Will killer robots act like men or women? It matters.

South Korea is poised on the brink of ultra-modern warfare, manufacturing and selling automated turret guns that fire 50 calibre bullets, capable of destroying targets up to 4 km away. Engineer Park Jungsuk, who works in the Robotic Surveillance Division of the gun manufacturer explains that the turret was originally designed to fire automatically, without any human intervention of any kind, ‘[b] ut all of our customers asked for safeguards to be implemented. Technologically it wasn’t a problem for us. But they were concerned the gun might make a mistake.’

What Park describes are known as Lethal Autonomous Weapons Systems (LAWS), or robots that can make decisions about whom to kill or what to destroy independent of any human action. These machines are increasingly being used to replace human soldiers and to carry out dangerous work such as bomb disposal, opening doors and laying optical fibers in combat zones. While these autonomous drones have been used for years, to date, no country has acknowledged the use of completely autonomous, lethal robots that make decisions independently of human direction.

The Super aEgis II automated turret gun makes it clear that the technology to do so exists, but there is considerable concern that the gun ‘might make a mistake’. The difficulty will be in programming the machines to make the correct decisions: the machine will need to be moral.

Feminist scholar Carol Gilligan, author of In A Different Voice: Women’s Conceptions of Self and Morality posits that men and women take profoundly different approaches to morality. Women, she argues, make moral decisions contextually and what counts as a moral decision depends on the impact of that decision on those around her; hence, completely opposite courses of action can both be moral, depending on the context in which they occur. Men, by way of contrast, make moral decisions universally and what counts as a moral decision is whether that decision would be true in all similar cases, for all actors. Universal morality forms the basis of our justice system.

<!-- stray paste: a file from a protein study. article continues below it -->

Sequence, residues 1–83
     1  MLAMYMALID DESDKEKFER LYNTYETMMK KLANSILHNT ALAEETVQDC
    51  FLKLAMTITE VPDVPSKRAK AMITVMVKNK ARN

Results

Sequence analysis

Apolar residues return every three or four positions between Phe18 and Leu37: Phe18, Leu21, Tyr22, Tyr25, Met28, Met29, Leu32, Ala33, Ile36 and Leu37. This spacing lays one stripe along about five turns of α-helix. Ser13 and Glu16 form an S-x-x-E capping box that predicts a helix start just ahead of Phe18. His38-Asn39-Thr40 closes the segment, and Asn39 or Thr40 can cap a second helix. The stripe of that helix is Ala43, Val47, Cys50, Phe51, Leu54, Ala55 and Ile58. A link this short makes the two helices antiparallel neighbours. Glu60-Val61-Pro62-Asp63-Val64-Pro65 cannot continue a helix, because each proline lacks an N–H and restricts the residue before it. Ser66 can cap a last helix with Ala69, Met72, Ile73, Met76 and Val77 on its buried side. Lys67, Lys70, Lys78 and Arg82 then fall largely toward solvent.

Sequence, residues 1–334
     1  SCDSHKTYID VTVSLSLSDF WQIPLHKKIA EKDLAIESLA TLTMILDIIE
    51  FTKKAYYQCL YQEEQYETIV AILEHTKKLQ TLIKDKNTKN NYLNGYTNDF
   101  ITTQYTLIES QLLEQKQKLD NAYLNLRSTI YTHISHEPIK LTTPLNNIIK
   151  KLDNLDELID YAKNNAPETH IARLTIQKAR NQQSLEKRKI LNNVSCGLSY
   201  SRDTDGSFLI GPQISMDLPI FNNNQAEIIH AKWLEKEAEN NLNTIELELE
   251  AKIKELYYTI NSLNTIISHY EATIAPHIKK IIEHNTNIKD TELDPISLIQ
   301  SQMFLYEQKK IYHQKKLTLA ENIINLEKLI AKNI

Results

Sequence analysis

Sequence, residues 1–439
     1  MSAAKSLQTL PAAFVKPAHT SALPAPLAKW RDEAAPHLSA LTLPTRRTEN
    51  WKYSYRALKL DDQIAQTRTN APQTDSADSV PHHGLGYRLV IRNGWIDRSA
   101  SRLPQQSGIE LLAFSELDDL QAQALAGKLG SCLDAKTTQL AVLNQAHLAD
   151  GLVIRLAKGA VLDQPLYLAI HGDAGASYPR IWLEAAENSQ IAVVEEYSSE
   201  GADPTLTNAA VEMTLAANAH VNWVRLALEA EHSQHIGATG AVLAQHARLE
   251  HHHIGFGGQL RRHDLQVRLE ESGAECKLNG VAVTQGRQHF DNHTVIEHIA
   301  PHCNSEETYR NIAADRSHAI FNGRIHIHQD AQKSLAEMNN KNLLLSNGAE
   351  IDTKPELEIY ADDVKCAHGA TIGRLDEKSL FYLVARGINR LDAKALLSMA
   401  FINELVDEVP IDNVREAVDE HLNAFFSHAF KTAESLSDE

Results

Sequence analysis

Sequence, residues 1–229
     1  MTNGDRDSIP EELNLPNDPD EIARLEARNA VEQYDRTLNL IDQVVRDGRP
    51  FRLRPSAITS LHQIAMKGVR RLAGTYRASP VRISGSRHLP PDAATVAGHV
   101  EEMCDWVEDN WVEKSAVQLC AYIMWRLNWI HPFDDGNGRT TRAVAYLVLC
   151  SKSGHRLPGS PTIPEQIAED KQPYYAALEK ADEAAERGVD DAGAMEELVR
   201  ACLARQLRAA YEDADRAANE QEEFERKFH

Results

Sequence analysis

When it comes to the creation of LAWS, how the drone thinks, contextually (like a woman) or universally (like a man) will have a direct impact on how likely a drone is to ‘make a mistake’. One of the great difficulties programmers at Google experience with self-driving cars is how they behave at four way stops. Actual drivers rarely follow the strict rules of the road, and cars must intuit what the local rules are for four way stops. It turns out that behaving aggressively is the correct strategy. It is tempting to think of the rules of the road as being universal, while the actual behavior is contextual, but in fact, the rules LAWS need to be concerned about are discovering the correct strategies and deploying them universally. If behaving aggressively at four way stops is the correct strategy for safely clearing the intersection, then it is the correct strategy for every four way stop. It is a universal strategy that responds to contextual differences.

Whether a drone learns to think contextually or universally, or some combination of both, it is virtually impossible that a drone will never mistakenly kill or destroy a friendly target. Universal morality is likely to reduce these accidents, as continuously changing contexts that permit actions to be both moral and immoral at the same time offer that much more opportunity to make mistakes.

Killer robots need to think like men.


[Ed. note: This post originally appeared at the Examiner and is reprinted here with permission]

Recommended Content

%d bloggers like this: